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Although somewhat neglected by aviation historians, Preston Watson's aeronautical experiments are contemporary with those of better known British pioneers, such as Alliott Verdon Roe and Geoffrey de Havilland. In many ways Watson's experiments are of at least equal historic value today compared to those of his contemporaries, since his primary focus was developing an alternative means of controlling an aeroplane in flight - his "rocking wing" method of lateral control.


Watson is known to have built three aeroplanes incorporating rocking wings, only two of which successfully became airborne under their own power. The construction dates for all but one of these aircraft are speculative since actual completion dates were never released by Watson, despite his articles in a number of aeronautical publications at the time.


From his unusual 1907 patent (Patent No.23, 553 of 1907, Watson’s flying machines), Watson reveals that he had been pondering means of lateral control for some time. On his whirling arm devices his solution to lateral control was by shifting ballast to either side, or, "...it can also be affected by rocking the wings transversely. Steering toward either side of the direction of flight... may be done by first shifting the ballast aft and, then either shifting the ballast to one side to which it is desired to turn, or rocking the wings toward that side."


In the 15 May 1914 issue of Flight magazine, Watson outlined the problem of adverse yaw, first encountered by the Wright brothers whilst flying their 1902 glider, and offered a solution as he saw it, revealing an insight into the origins of his thinking;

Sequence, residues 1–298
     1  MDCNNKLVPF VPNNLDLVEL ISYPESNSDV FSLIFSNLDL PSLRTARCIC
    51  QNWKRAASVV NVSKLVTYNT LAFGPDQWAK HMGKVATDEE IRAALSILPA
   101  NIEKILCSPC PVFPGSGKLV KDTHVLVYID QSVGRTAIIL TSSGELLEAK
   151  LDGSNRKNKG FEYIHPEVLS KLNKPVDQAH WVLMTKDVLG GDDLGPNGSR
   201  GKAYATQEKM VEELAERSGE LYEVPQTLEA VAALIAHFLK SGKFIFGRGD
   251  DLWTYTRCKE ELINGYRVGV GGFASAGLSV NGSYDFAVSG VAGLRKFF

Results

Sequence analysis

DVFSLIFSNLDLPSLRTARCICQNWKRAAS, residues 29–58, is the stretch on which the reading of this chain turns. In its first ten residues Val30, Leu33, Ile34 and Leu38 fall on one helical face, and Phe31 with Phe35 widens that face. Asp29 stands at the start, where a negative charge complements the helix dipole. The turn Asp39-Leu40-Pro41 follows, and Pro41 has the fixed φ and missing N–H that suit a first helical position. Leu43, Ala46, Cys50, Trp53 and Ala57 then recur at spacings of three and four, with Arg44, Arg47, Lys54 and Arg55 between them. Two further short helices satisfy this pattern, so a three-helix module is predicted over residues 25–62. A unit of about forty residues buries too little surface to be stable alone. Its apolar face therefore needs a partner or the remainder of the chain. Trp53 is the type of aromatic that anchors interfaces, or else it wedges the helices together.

"The Wright Brothers have stated, and it is well known, that if the angle of incidence of the lower wing is increased, its resistance is also increased, so that the fore and aft axis of the machine turns about its vertical axis, away from the line of flight, and the lower wing loses its velocity, unless this is prevented by the movement of a vertically pivoted tail.”


In the absence of a vertically pivoted tail the loss of velocity of the wing whose angle of incidence is increased, causes it to lose its support, and it descends while the other rises. Thus the vertically pivoted tail is proved to be necessary if lateral equilibrium is to be preserved by warping of the wings. The absence in a bird of the vertically pivoted tail proves that warping of the wings is not the method employed by a bird to preserve lateral equilibrium."


"If a soaring bird is making a straight flight with its wings transversely in the horizontal and it wishes to steer to one side, it rocks its wings about a fore and aft axis by pulling one wing down and allowing the other to rise. It is able to do this because the centre of gravity of a bird is below its centre of support, and a pendulum thus exists. The force which this pendulum exerts if shifted from the natural position in which it hangs, provides a fulcrum in mid air from which the wings can be rocked."


"When the wings are rocked out of the horizontal their lift has a component force pulling to one side of the line of flight. Now, when a body which is moving in a straight line is acted on by a constant force at right angles thereto, the body describes a circle. Therefore when a bird rocks its wings it describes a circle."